Climate Change Committee Wants “£50 Billion And More” Subsidies For Nuclear Industry
The government should extend state-backed guarantees to all nuclear new build projects, according to a report out by the Energy and Climate Change Committee today. It said the government should offer UK Guarantees to “all nuclear new build projects”, even if this required “increasing the amount of available assistance to more than £50 billion”.
In the Building New Nuclear: the challenges ahead report published today by the Energy and Climate Change Committee, MPs said they were pleased about potential government support for the Hinkley Point C project, as revealed in Construction Newslast month.
But it called for similar backing to be given to projects that are further away from final investment decisions, such as the NuGen and Horizon projects.
It said the government should offer UK Guarantees to “all nuclear new build projects”, even if this required “increasing the amount of available assistance to more than £50 billion”.
The report also criticised the Department of Energy and Climate Change for not appearing to have a contingency plan should new nuclear collapse in the UK.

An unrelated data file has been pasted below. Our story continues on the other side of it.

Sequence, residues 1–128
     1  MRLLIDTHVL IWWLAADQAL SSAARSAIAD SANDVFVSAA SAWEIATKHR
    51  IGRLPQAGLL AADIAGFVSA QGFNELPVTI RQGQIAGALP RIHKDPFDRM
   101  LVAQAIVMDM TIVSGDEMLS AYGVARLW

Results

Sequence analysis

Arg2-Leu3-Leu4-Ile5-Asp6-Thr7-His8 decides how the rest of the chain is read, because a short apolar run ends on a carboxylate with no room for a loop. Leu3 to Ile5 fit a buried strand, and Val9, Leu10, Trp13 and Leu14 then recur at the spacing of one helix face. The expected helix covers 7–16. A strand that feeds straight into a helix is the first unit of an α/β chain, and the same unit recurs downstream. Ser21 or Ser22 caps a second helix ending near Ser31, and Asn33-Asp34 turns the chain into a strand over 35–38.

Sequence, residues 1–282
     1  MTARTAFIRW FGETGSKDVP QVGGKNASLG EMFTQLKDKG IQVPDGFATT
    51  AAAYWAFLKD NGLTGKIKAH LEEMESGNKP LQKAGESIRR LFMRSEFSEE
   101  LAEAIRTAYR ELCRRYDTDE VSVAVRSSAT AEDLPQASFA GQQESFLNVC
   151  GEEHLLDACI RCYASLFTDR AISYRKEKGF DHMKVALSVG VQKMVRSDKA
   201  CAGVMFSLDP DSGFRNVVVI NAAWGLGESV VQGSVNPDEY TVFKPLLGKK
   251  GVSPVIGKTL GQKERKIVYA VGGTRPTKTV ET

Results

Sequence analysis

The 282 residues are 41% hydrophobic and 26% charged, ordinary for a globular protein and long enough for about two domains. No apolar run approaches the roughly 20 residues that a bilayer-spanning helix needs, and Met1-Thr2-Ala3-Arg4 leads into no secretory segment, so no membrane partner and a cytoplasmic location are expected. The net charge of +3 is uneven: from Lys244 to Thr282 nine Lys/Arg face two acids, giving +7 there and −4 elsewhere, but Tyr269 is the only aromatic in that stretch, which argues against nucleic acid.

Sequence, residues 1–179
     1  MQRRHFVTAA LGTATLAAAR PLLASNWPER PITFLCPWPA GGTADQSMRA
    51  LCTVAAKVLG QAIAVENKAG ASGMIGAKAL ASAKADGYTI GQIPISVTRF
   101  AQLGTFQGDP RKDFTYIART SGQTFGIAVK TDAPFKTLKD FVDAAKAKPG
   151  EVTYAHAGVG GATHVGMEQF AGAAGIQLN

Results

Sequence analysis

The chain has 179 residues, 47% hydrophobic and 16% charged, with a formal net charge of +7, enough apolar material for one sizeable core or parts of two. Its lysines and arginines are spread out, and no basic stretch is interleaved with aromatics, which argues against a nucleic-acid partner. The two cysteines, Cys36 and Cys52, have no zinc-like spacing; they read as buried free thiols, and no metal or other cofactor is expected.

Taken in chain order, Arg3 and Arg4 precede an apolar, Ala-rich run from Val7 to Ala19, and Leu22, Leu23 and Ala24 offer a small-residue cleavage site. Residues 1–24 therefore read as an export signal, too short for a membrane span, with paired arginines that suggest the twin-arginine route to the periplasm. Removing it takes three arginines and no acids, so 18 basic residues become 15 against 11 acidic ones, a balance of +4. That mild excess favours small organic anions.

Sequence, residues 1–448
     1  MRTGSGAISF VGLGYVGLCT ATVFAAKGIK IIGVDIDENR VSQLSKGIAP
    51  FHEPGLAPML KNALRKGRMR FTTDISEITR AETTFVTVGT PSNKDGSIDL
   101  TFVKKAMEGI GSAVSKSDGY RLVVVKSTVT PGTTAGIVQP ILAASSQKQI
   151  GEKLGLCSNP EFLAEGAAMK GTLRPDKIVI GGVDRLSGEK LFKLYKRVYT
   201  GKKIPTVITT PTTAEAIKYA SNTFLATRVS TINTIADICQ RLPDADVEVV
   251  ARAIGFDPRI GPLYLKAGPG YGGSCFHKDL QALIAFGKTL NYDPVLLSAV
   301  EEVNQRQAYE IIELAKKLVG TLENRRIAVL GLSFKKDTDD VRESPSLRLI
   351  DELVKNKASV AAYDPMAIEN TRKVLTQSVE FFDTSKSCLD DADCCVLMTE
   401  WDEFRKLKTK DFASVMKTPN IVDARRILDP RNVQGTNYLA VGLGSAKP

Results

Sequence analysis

The report states: “For a department whose principal priorities are to ensure energy security and carbon reductions, DECC appears to be overly reliant on aspiration and hope. While we share the Minister’s hope that new build will be delivered as planned, we nevertheless recommend that DECC begins exploring contingency options as a matter of urgency.”
MPs were also concerned about the level of construction risk associated with nuclear projects, after reactors similar to Hinkley Point C in France and Finland have experienced major cost overruns.
Committee chair Tim Yeo MP criticised a “lack of transparency” around the discussions between governenment and EDF on Contracts for Difference (which the committee said should not be more than that given to offshore wind) and added: “Government needs to provide more clarity about exactly what forms of support new nuclear projects will receive and whether consumers, taxpayers or project developers will have to cough up if construction costs end up being higher than anticipated.”